Japan Geoscience Union Meeting 2015

Presentation information


Symbol S (Solid Earth Sciences) » S-CG Complex & General

[S-CG58] Petrology, Mineralogy and Resource Geology

Mon. May 25, 2015 6:15 PM - 7:30 PM Convention Hall (2F)

Convener:*Akira Miyake(Department of Geology and Mineralogy, Graduate School of Science, Kyoto University), Toshiaki Tsunogae(Faculty of Life and Environmental Sciences (Earth Evolution Sciences), University of Tsukuba), Koichiro Fujinaga(Department of Systems Innovation, School of Engineering, University of Tokyo), Nobutaka Tsuchiya(Department of Geology, Faculty of Education, Iwate University)

6:15 PM - 7:30 PM

[SCG58-P10] Geochronology of detrital zircon from the Highland Complex, Sri Lanka: Implications for Gondwana reconstruction

*Yusuke TAKAMURA1, Toshiaki TSUNOGAE1, M SANTOSH2, Sanjeewa p.k. MALAVIARACHCHI3, Yukiyasu TSUTSUMI4 (1.Faculty of Life and Environmental Sciences (Earth Evolution Sciences), University of Tsukuba, 2.School of Earth Science and Resources, China University of Geeosciences Beijing, 3.Department of Geology, Faculty of Science, University of Peradeniya, 4.Department of Geology and Paleontology, National Museum of Nature and Science)

Keywords:Gondwana, Sri Lanka, The Highland Complex, Detrital Zircon, LA-ICP-MS, Suture Zone

Sri Lanka is regarded as one of the important regions to unravel the process of Gondwana amalgamation because it was located in the center of the collisional orogeny formed during Late Neoproterozoic. The Highland Complex, exposed at the central part of Sri Lanka, is metamorphosed to granulite-facies conditions (e.g., Faulhaber and Raith, 1991; Hiroi et al., 1994; Raase and Schenk, 1994). Ultrahigh-temperature metamorphic conditions are also reported from some localities in the Highland Complex (e.g., Osanai et al., 2006; Sajeev and Osanai, 2004; Sajeev et al., 2007). The Highland Complex is dominantly composed of metasediments that include detrital zircons, and their age distributions can be used to infer the correlation between some depositional basins and their provenance (e.g., Collins et al., 2007; Kuznetsov et al., 2014). Although some authors (Holzl et al., 1994; Kroner et al., 1987) obtained Archean to Paleoproterozoic detrital zircon ages from metasediments in the Highland Complex, they did not discuss about the detail correlation of the Highland Complex with other Gondwana fragments. This study focuses on geochronology of detrital zircons in metasediments from the Highland Complex in order to unravel the regional geographical correlation of Sri Lanka within Gondwana supercontinent.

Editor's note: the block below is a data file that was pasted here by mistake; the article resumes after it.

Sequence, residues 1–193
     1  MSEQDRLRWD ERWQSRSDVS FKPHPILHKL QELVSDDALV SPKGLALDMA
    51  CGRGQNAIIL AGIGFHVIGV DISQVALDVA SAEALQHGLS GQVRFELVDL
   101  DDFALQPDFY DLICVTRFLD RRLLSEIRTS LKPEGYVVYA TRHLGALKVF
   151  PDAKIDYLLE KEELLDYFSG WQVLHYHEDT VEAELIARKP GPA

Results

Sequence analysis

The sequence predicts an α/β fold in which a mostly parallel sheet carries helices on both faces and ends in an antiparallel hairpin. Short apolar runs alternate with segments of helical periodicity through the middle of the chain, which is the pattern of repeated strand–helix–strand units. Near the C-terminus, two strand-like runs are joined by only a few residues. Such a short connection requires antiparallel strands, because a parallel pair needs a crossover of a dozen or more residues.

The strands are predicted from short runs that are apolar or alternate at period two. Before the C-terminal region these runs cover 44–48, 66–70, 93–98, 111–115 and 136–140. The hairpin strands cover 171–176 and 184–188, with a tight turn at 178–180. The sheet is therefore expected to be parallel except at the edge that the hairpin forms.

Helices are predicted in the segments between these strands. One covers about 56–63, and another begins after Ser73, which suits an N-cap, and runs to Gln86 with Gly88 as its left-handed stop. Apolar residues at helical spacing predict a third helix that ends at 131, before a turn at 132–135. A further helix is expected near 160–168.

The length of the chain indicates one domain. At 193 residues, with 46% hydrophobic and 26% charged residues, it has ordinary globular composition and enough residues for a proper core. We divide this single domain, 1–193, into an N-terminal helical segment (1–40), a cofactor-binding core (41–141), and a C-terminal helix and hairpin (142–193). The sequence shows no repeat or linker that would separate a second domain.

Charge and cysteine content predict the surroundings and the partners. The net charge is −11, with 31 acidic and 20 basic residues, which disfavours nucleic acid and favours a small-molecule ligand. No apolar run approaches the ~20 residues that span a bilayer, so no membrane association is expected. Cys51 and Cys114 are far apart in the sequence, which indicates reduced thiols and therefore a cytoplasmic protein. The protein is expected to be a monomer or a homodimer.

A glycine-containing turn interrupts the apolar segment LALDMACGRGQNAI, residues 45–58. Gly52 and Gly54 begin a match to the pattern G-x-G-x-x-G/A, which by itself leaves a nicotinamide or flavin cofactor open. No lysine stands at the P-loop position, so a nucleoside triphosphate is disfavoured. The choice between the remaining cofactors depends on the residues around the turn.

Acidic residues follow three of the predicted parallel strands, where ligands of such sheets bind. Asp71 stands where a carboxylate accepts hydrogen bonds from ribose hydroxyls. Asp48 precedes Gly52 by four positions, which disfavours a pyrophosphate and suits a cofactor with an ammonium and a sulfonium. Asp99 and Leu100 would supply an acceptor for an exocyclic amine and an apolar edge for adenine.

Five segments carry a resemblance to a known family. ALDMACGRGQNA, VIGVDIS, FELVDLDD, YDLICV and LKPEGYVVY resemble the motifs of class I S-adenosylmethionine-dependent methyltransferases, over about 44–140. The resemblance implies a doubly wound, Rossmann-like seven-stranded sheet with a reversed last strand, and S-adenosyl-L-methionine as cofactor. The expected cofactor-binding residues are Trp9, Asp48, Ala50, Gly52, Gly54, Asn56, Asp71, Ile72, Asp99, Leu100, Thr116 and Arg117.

We collected four samples of quartzite and pelitic gneiss from the Highland Complex, separated detrital zircons from them, and analyzed U-Pb ratios using LA-ICP-MS. The detrital zircon ages are distributed from ca. 3500 Ma to ca. 1700 Ma with strong peaks at around 2700 Ma, 2500 Ma, and 2000 Ma. These age distributions of detrital zircons are consistent with those from the Palghat-Cauvery Suture Zone (e.g., Raith et al., 2010; Sato et al., 2011), but different from those of the Trivandrum Block and the Achancovil Shear Zone (Collins et al., 2007), South India, because they have Mesoproterozoic detrital age not found in the Highland Complex zircons. Thus, the Highland Complex could be correlated with the Palghat-Cauvery Suture Zone as a sedimentary basin rather than the Trivandrum Block or the Achancovil Shear Zone in southern India.
The precursor of the Wanni Complex could be a possible source of the Highland Complex before it was reworked based on available Hf crustal model ages of zircon (Santosh et al., 2014). The Dharwar Craton (ca. 3400-2500 Ma; Chadwik et al., 2000; Collins et al., 2003), the Salem Block (ca. 2750, 2600, 2500 Ma; e.g., Collins et al., 2014; Ghosh et al., 2004; Saitoh et al., 2011), and northern Madurai Block (ca. 2500 Ma; Collins et al., 2014, Plavsa et al., 2012, Teale et al., 2011) are also possible provenances of sediments of the Highland Complex. In contrast, crustal blocks in East Africa are difficult to be source regions of the Highland Complex because they are composed of rock units younger than Mesoproterozoic (Kibaran belt; ~1400 Ma; Kokonyangi et al., 2004).